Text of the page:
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Peter Fonda, ‘Easy Rider’ Star And Counter-Culture Icon, Dead At 79

‘Easy Rider’ netted a best screenplay Oscar nomination for Fonda, Dennis Hopper and Terry Southern, and has since been listed on the American Film Institute’s ranking of the top 100 American films.

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Easy Rider star, actor and counterculture hero Peter Fonda has died aged 79. His family said in a statement that Fonda died on Friday morning, 16 August at his home in Los Angeles. The official cause of death was respiratory failure due to lung cancer.

“I am very sad,” his sister Jane Fonda said in a statement. “He was my sweet-hearted baby brother. The talker of the family. I have had beautiful alone time with him these last days. He went out laughing.”

Born into Hollywood royalty as Henry Fonda’s only son, Peter Fonda carved his own path with his non-conformist tendencies and earned an Oscar nomination for co-writing the psychedelic road trip movie Easy Rider. He would never win that golden statuette, but would later be nominated for his leading performance as a Vietnam veteran and widowed beekeeper in 1997’s Ulee’s Gold.

Fonda was born in New York in 1940 to parents whose personas were the very opposite of the rebellious images their kids would cultivate. Father Henry Fonda was already a Hollywood giant, known for playing straight-shooting cowboys and soldiers. Mother Frances Ford Seymour was a Canadian-born US socialite.

Fonda went to private schools in Massachusetts and Connecticut as a child, moving on to the University of Nebraska in his father’s home state, joining the same acting group — the Omaha Community Playhouse — where Henry Fonda got his start. He quit school during his third year and became an apprentice at the Cecilwood Theatre in Fishkill, New York.

After a year in New York, Fonda made his Broadway debut, playing an Army private in Blood, Sweat and Stanley Poole. It was an auspicious turn: He received the Daniel Blum and the New York Drama Critics Award as the most promising young actor of 1961.

Groomed to be the next Dean Jones, Fonda made his film debut opposite Sandra Dee in Tammy and the Doctor (1963). He followed up with The Victors (1963) and Lilith (1964), in which he played a suicidal mental patient. He then latched on with Roger Corman’s low-budget enterprise and starred as biker Heavenly Blues in The Wild Angels (1966).

He followed that with another Corman opus, The Trip (1967), a paean to LSD that was written by Jack Nicholson and featured another struggling young actor, Dennis Hopper playing a freaked-out character. The film was widely popular among college-age students and meshed with the counter-cultural mind-set of the day.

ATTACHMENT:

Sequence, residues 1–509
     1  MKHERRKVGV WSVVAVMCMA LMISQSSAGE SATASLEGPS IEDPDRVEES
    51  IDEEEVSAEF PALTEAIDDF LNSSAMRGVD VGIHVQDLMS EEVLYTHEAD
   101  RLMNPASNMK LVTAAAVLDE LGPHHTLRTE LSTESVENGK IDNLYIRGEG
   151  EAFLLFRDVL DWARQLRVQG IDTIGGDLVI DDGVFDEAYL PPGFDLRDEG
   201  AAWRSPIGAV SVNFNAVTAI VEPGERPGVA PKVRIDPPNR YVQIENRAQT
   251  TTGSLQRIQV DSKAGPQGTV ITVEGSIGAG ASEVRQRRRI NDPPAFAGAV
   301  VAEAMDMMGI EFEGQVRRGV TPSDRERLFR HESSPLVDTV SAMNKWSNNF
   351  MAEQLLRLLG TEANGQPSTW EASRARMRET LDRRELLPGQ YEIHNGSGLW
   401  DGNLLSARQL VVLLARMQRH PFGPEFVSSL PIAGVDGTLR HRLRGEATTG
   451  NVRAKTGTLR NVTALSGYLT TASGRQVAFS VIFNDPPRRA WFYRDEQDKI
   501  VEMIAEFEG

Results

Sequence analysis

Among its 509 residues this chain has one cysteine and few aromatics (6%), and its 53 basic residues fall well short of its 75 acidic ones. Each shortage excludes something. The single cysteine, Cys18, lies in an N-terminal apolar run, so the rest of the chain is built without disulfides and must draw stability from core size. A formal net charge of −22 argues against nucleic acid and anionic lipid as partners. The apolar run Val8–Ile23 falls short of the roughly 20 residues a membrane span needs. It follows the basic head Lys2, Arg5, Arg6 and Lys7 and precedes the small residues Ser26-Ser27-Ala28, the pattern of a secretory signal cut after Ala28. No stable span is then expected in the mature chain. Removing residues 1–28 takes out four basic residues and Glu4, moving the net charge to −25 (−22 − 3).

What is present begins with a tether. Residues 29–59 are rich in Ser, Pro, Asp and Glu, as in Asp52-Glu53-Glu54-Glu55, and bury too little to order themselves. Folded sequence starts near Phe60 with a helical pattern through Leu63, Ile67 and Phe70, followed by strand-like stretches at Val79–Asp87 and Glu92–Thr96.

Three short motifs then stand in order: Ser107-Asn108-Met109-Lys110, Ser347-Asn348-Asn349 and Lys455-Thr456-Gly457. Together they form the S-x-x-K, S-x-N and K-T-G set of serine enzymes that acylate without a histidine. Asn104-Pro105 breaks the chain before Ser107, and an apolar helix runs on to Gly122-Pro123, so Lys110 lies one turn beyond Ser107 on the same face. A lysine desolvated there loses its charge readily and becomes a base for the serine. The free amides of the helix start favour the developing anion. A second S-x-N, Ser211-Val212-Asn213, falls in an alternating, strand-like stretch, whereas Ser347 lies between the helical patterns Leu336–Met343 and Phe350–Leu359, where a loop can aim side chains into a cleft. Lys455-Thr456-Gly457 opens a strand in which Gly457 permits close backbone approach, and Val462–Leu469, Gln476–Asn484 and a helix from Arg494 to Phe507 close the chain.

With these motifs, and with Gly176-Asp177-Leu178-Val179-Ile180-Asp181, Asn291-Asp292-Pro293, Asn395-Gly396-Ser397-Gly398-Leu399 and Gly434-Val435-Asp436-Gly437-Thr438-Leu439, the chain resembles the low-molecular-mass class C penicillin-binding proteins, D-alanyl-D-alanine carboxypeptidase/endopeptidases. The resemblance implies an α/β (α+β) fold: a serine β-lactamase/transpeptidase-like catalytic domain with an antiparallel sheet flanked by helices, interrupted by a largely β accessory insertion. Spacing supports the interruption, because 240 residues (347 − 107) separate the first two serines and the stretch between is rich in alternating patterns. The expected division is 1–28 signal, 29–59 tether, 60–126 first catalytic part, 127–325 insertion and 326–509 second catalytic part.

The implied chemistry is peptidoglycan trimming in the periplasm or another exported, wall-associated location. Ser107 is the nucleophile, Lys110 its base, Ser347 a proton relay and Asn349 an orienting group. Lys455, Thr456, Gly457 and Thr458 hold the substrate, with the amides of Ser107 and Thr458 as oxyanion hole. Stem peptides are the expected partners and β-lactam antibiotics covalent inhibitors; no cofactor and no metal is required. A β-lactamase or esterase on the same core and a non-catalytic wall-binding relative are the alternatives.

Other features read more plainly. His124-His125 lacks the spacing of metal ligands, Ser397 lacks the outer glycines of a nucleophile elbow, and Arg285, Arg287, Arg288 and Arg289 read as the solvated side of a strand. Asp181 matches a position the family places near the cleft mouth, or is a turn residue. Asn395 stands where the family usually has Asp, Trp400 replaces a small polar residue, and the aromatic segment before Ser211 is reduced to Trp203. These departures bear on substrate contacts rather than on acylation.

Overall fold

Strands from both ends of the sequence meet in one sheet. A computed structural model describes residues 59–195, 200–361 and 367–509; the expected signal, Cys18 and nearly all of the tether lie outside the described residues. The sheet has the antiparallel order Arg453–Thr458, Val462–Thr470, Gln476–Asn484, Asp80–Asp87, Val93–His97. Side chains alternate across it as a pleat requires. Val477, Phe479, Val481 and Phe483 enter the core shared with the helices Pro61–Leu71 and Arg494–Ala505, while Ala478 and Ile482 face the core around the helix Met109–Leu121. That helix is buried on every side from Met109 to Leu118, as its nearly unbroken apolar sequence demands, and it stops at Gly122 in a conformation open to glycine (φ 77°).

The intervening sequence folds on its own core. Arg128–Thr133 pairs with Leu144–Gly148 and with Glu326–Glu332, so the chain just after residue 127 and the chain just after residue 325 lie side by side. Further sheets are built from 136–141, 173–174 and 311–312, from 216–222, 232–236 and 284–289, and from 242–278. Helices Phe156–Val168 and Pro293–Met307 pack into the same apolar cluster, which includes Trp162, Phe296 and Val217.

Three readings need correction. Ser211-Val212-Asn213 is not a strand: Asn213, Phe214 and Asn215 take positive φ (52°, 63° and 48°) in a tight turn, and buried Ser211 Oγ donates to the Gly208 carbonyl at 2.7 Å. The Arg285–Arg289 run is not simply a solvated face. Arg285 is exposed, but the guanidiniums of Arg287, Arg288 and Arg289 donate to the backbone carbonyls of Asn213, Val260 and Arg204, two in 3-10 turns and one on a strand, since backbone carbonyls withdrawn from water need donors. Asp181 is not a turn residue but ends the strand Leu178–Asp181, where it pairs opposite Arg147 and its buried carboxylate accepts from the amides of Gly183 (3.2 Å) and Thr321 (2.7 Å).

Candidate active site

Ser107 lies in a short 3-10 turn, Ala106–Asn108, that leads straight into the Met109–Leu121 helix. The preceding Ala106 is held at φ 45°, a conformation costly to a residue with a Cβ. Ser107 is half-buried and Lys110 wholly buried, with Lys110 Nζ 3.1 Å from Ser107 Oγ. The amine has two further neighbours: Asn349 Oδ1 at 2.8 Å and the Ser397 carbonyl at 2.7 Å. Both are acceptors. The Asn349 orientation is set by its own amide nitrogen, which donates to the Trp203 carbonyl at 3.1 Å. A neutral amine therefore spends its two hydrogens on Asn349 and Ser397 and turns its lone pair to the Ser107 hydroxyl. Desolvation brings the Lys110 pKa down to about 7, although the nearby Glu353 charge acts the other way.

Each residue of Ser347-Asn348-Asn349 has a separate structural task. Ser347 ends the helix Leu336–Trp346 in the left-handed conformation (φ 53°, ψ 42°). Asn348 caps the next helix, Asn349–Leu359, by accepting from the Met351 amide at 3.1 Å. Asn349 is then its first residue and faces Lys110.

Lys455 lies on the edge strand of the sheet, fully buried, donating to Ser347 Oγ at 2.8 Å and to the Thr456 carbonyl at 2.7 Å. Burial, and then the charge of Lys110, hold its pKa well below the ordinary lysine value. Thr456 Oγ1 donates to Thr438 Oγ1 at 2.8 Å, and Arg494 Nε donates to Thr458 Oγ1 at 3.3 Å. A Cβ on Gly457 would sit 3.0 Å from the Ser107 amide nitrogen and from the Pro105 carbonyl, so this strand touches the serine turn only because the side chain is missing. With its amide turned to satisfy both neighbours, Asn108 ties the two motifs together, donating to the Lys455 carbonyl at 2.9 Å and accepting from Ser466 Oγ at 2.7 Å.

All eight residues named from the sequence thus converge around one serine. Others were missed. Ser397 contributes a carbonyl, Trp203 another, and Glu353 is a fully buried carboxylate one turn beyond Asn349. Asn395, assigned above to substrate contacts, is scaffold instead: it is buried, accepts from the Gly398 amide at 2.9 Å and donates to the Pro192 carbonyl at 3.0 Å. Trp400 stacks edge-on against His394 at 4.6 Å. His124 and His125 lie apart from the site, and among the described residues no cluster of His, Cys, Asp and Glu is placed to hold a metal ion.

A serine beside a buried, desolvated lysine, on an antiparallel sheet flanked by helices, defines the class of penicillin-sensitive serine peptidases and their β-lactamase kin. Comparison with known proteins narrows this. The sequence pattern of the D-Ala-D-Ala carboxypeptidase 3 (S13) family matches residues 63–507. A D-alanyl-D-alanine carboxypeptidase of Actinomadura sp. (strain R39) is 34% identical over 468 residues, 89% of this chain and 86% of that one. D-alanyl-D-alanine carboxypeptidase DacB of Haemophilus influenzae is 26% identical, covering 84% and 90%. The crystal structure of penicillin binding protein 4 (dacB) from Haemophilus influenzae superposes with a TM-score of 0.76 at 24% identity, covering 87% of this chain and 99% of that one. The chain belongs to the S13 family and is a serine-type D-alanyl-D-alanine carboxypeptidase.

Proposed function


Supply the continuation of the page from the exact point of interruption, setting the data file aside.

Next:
Although Peter Fonda never achieved the status of his father or even his older sister, the impact of 1969’s Easy Rider, which just celebrated its 50th anniversary, was enough to cement his place in popular culture.

Fonda collaborated with Hopper on the script about two weed-smoking, drug-slinging bikers on a trip through the southwest as they make their way to New Orleans for Mardi Gras. On the way, Fonda and Hopper befriend a drunken young lawyer — Jack Nicholson in a breakout role — but raise the dander of Southern rednecks and are murdered before they can return home.

Fonda’s character Wyatt wore a stars-and-stripes helmet and rode a motorcycle called “Captain America,” re-purposing traditional images for the counterculture.

The film was a hit at Cannes, netted a best screenplay Oscar nomination for Fonda, Hopper and Terry Southern, and has since been listed on the American Film Institute’s ranking of the top 100 American films.

As a symbol for rebellious youth, Fonda, along with Mick Jagger, Jimi Hendrix, Muhammad Ali and John Lennon, were among the most revered of countercultural poster boys.

The establishment gave its official blessing in 1998 when it was included in the United States National Film Registry for being “culturally, historically, or aesthetically significant.”

In 1969, Fonda told The Associated Press: “As for my generation, it was time they started doing their own speaking. There has been too much of the ‘silent majority’ — at both ends of the generation gap.”

As uDiscover Music previously reported, Peter Fonda was due to introduce a one-off screening of Easy Rider with a live rock score, which it scheduled to take place at New York’s famous Radio City Music Hall on 20 September. The film’s key original soundtrack artists, John Kay of Steppenwolf and Roger McGuinn of The Byrds, are on board to reprise their songs from the film, and T- Bone Burnett has been enlisted to direct the musical performances.

Easy Rider’s original soundtrack features tracks such as The Band’s ‘The Weight’ and The Byrds’ ‘Wasn’t Born To Follow’, but it’s synonymous with Steppenwolf’s quintessential biker anthem ‘Born To Be Wild’. The song went to No. 2 on the Billboard Hot 100 as a stand-alone hit in August 1968, but its legend was significantly enhanced in 1969, when it was chosen for the soundtrack to Easy Rider. It’s been in dozens of movies since, and went on to be inducted into both the Grammy and Rock & Roll Hall of Fame.

Later on in his career, Peter Fonda also starred in such features as Dirty Mary Crazy Larry (1974) and Race With the Devil (1975) — where he starred with Warren Oates as two family men who take on a band of devil worshippers in Texas — and the Canadian horror film Spasms (1983).

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